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Starving Tumors by Blocking Glutamine Uptake

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Starving Tumors by Blocking Glutamine Uptake




LA JOLLA, CALIF. - March 19, 2021 - Scientists at Sanford Burnham Prebys Medical Discovery Institute have identified a drug candidate that blocks the uptake of glutamine, a key food source for many tumors, and slows the growth of melanoma.

The drug is a small molecule that targets a glutamine transporter, SLC1A5, which pumps the nutrient into cancer cells--offering a promising new approach for treating melanoma and other cancers.

The study was published in the journal Molecular Cancer Therapeutics.

Identification and Characterization of IMD-0354 as a Glutamine Carrier Protein Inhibitor in Melanoma

Accepted: February 18, 2021


A key hallmark of cancer, altered metabolism, is central to cancer pathogenesis and therapy resistance.

Robust glutamine metabolism is among cellular processes regulating tumor progression and responsiveness to therapy in a number of cancers, including melanoma and breast cancer.

Among mechanisms underlying the increase in glutamine metabolism in tumors is enhanced glutamine uptake mediated by the glutamine transporters, with SLC1A5 (also known as ASCT2) shown to play a predominant role.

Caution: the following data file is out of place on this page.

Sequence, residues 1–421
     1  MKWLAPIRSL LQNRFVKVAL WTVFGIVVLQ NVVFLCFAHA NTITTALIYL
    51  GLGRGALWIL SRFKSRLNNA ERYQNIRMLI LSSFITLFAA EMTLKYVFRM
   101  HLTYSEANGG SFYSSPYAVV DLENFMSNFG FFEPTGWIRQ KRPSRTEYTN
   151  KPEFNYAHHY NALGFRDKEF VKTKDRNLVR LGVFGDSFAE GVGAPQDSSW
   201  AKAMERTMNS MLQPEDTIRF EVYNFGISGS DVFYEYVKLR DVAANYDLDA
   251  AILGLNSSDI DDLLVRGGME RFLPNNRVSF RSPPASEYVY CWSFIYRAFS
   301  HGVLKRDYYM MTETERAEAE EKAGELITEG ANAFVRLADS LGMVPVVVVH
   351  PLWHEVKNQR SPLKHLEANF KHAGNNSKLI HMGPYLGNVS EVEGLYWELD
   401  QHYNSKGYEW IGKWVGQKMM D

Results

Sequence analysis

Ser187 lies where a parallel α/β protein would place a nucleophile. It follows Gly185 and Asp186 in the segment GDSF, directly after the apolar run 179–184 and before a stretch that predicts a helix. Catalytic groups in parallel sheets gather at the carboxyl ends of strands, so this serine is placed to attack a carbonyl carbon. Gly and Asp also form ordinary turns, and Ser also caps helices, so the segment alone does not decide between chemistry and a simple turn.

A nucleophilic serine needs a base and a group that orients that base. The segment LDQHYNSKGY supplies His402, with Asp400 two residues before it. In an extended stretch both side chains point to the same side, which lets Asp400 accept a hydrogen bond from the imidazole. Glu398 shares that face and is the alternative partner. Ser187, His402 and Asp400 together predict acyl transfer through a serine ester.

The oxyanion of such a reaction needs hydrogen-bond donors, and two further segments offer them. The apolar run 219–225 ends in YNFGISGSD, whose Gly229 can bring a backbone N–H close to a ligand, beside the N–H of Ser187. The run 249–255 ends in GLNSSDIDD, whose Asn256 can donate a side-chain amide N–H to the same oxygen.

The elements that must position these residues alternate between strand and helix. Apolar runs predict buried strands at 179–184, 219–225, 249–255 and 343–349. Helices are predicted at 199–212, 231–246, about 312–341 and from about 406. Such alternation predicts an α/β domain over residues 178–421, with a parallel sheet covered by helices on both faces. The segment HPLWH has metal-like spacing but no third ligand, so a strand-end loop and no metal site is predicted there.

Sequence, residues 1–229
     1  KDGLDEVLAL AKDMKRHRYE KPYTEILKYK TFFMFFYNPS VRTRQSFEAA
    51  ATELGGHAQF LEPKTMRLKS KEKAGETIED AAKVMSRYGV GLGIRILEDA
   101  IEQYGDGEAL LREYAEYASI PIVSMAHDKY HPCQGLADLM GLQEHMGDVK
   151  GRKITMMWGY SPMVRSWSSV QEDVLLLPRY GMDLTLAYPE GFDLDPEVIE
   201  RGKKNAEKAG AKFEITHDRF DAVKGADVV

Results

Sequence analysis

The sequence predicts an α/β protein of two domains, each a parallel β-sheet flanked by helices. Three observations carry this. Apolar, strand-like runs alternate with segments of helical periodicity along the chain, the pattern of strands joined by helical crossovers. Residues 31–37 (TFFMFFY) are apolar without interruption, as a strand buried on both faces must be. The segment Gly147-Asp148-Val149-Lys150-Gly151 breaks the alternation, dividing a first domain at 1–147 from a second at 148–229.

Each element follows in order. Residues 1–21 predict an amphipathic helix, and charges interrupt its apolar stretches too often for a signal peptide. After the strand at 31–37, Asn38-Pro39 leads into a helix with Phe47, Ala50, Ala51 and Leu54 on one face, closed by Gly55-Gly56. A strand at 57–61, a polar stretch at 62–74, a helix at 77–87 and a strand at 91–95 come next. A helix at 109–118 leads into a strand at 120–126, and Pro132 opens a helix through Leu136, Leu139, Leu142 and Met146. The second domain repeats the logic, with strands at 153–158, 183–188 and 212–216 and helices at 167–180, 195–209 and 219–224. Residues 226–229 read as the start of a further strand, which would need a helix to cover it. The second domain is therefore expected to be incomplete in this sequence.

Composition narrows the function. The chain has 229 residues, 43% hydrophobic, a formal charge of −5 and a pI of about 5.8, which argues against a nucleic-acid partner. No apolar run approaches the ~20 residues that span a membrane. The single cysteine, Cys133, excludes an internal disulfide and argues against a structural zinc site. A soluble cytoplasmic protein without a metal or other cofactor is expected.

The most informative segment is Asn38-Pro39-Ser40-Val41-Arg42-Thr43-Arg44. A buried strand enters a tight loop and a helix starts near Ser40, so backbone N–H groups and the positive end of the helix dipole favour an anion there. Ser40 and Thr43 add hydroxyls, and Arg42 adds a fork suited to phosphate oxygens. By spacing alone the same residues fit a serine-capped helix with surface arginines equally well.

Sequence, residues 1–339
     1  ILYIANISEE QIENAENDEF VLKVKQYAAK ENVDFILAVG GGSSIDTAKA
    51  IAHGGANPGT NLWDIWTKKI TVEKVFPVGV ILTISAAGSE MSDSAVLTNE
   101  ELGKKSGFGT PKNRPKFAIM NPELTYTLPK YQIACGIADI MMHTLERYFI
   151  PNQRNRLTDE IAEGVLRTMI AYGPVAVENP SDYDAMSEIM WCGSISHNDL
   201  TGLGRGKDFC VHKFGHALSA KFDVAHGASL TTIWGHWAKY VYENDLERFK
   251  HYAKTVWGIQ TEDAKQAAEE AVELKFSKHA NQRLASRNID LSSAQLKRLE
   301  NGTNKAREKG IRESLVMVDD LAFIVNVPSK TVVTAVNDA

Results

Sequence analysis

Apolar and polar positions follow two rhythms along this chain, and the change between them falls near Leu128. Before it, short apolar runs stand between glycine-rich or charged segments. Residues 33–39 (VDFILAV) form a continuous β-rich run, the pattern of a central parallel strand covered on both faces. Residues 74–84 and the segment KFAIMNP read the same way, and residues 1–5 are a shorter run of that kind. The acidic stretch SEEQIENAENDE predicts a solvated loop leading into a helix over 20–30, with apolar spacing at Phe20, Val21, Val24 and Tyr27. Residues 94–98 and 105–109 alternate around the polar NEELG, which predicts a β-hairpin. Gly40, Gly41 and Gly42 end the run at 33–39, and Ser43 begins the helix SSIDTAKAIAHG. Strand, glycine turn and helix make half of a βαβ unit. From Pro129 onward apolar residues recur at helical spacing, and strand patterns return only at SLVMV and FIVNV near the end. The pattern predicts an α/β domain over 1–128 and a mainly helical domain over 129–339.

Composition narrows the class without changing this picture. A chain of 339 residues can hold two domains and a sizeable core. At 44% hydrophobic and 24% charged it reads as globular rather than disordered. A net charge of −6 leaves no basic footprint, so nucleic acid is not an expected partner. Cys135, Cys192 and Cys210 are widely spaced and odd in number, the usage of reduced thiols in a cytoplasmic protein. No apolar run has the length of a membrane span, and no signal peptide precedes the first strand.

Correspondingly, increased SLC1A5 expression coincides with poorer survival in breast cancer and melanoma patients.

Therefore, we performed an image-based screen to identify small-molecules that are able to prevent the localization of SLC1A5 to the plasma membrane without impacting cell shape.

From 7,000 small molecules, 9 were selected as hits, of which one (IMD-0354) qualified for further detailed functional assessment.

IMD-0354 was confirmed as a potent inhibitor of glutamine uptake that attained sustained low intracellular glutamine levels.

Concomitant with its inhibition of glutamine uptake, IMD-0354 attenuated mTOR signaling, suppressed 2D and 3D growth of melanoma cells, and induced cell cycle arrest, autophagy and apoptosis.

Pronounced effect of IMD-0354 was observed in different tumor derived cell lines, compared with non-transformed cells.

RNAseq analysis identified the unfolded protein response, cell cycle and DNA damage pathways to be affected by IMD-0354.

Combination of IMD-0354 with GLS1 or LDHA inhibitors enhanced melanoma cell death.

In vivo, IMD-0354 suppressed melanoma growth in a xenograft model.

As a modulator of glutamine metabolism, IMD-0354 may serve as an important therapeutic and experimental tool that deserves further examination.





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